Klobuchar: 'I'm not going to make promises just to get elected'

"I am running for president of the United States. And that means you bring people together," the Minnesota senator said Sunday.

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By Ben Kamisar

WASHINGTON — Sen. Amy Klobuchar, D-Minn., sought to separate herself from some of her Democratic presidential rivals on Sunday by arguing that while others are making “bigger promises,” she’s the candidate best positioned to achieve her goals in office.

“There are a lot of people making promises, and I’m not going to make promises just to get elected. I am not running for chair of the Democratic National Committee, I am running for president of the United States. And that means you bring people together,” she said during an exclusive interview on NBC’s “Meet the Press.”

“Some of my colleagues, yes, they have, I guess you can call them, bigger and bigger promises. But I think what’s most important to the people of America is that we actually get those things done.”

Klobuchar has staked out a more centrist position in the Democratic presidential field. For example, while other candidates want to overhaul the health-care system by transitioning to “Medicare for All,” she supports a plan that would create a public option but allow those on private insurance to keep their plans.

“I’m very concerned about some of these plans that would kick half of America off their insurance. I don’t agree with that,” she said.

And while some candidates are calling for free four-year college tuition, or the complete elimination of student loan debt, Klobuchar said she backs policies like free community college tuition and expanding Pell Grants.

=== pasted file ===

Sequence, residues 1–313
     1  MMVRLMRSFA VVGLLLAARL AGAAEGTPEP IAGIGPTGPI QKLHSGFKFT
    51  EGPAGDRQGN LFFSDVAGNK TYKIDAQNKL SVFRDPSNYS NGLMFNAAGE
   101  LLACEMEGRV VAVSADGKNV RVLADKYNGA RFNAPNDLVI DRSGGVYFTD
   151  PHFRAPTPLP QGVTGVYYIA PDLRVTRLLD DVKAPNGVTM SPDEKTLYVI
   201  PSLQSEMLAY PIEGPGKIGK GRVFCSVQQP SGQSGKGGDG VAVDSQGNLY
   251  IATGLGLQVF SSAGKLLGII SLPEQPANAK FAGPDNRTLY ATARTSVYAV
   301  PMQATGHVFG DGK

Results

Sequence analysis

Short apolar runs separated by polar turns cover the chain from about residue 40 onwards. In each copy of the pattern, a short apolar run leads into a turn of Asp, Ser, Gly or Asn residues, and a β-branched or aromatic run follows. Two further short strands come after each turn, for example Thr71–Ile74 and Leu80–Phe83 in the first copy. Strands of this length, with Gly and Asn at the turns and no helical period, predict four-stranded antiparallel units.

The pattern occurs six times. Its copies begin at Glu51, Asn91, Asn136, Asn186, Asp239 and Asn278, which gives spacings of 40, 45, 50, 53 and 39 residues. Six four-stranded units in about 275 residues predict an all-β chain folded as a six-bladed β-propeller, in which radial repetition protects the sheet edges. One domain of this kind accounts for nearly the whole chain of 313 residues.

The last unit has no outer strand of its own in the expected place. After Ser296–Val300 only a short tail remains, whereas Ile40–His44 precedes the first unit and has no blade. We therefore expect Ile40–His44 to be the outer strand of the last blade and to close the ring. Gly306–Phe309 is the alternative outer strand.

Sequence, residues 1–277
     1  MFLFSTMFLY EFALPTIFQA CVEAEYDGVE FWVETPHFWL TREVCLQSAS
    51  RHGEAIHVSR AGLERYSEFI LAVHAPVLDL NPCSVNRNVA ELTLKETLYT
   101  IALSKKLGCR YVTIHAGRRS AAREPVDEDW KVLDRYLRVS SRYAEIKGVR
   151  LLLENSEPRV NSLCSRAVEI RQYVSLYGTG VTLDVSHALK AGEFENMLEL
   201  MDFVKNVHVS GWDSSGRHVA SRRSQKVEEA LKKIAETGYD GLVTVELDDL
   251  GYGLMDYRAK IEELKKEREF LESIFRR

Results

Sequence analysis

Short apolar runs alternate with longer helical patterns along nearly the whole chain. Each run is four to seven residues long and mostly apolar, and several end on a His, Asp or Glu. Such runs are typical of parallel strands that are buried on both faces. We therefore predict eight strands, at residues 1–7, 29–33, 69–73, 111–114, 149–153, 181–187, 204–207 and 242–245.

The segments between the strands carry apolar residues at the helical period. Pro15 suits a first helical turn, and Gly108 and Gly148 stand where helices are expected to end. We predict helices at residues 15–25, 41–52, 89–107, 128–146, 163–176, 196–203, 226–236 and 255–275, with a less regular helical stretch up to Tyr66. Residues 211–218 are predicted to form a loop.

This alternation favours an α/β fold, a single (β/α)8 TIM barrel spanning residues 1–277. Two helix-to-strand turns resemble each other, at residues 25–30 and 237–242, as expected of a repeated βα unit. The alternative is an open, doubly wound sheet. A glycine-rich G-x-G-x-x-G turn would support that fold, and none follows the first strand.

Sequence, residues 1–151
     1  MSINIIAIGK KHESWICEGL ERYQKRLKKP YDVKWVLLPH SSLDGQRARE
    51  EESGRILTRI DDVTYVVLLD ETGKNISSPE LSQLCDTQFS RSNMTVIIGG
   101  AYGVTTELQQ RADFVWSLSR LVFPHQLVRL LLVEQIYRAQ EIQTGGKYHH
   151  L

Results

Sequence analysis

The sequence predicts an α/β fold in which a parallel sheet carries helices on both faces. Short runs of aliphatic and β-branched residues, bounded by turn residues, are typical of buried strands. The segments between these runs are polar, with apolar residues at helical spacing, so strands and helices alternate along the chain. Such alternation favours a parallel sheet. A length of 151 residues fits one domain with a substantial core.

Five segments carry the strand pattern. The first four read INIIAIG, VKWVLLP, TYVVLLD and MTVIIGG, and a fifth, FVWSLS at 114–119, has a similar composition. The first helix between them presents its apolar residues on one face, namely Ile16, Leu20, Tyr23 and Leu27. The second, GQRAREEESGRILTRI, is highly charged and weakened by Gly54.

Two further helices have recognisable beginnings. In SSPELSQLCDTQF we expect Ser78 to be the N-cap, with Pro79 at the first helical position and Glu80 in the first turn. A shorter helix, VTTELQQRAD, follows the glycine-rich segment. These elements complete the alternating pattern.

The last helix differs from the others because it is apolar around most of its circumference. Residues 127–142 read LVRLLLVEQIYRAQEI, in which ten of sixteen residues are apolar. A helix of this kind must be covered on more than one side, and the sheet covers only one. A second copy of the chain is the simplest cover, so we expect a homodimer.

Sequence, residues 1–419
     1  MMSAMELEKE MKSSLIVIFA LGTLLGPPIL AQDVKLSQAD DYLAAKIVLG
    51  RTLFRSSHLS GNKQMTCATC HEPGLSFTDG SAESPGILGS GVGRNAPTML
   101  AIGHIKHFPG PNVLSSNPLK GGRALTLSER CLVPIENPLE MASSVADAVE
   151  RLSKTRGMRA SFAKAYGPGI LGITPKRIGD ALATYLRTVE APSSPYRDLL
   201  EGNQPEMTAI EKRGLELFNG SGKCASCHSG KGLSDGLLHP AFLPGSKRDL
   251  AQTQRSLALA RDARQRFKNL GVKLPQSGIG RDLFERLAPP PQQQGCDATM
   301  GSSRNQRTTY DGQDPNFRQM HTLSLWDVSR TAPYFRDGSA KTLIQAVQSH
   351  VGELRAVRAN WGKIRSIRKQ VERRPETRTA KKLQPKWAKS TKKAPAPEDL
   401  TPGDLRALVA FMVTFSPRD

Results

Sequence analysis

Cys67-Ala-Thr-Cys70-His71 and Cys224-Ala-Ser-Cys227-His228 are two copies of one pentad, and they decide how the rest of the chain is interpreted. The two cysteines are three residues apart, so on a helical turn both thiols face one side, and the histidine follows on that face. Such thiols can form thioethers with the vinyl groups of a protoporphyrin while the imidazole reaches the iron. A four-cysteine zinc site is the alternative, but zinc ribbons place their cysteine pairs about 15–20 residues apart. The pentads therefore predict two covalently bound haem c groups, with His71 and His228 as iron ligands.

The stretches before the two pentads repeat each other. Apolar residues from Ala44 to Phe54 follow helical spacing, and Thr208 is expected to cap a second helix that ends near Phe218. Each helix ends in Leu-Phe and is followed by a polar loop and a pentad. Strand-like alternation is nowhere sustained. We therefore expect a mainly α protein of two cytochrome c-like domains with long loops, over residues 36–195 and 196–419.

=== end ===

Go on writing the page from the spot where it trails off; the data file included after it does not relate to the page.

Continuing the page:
But Klobuchar said Sunday it would be a mistake to discount her prescription for America as not “bold” enough.

“There are bold plans here. I want to double Pell Grants. That’ll help so many kids,” she said.

“I want to move forward with a public option and finally take on the pharmaceutical companies," she added. “Those are big, bold things that haven’t been done.”

Klobuchar on Sunday also addressed the ongoing debate over former Vice President Joe Biden’s recent comments about working with segregationist senators decades ago. Biden apologized over the weekend for giving the “impression to people that I was praising those men,” but defended the “50 years of my record for fighting for civil rights and racial justice in this country.”

“It is fair to talk about the fact that if you are dealing with a racist or a segregationist, as he was, you have to call them out. And he’s now apologized for not doing that at the time and apologized for his past statements on busing,” she said.

And she argued that while presidential candidates may be asked to account for their political record, that America is better off having a politician with a proven history in politics.

“In a presidential race like this, with so many candidates — yes, you have to explain your past votes. It doesn’t meant that every single person did every single thing right,” she said.

“Your other alternative is to have someone that has no experience at all, has no votes and has done nothing. I don’t think the American people want that. They put someone in the White House that didn’t have any experience working with Washington. And what do we have? Chaos, gridlock.”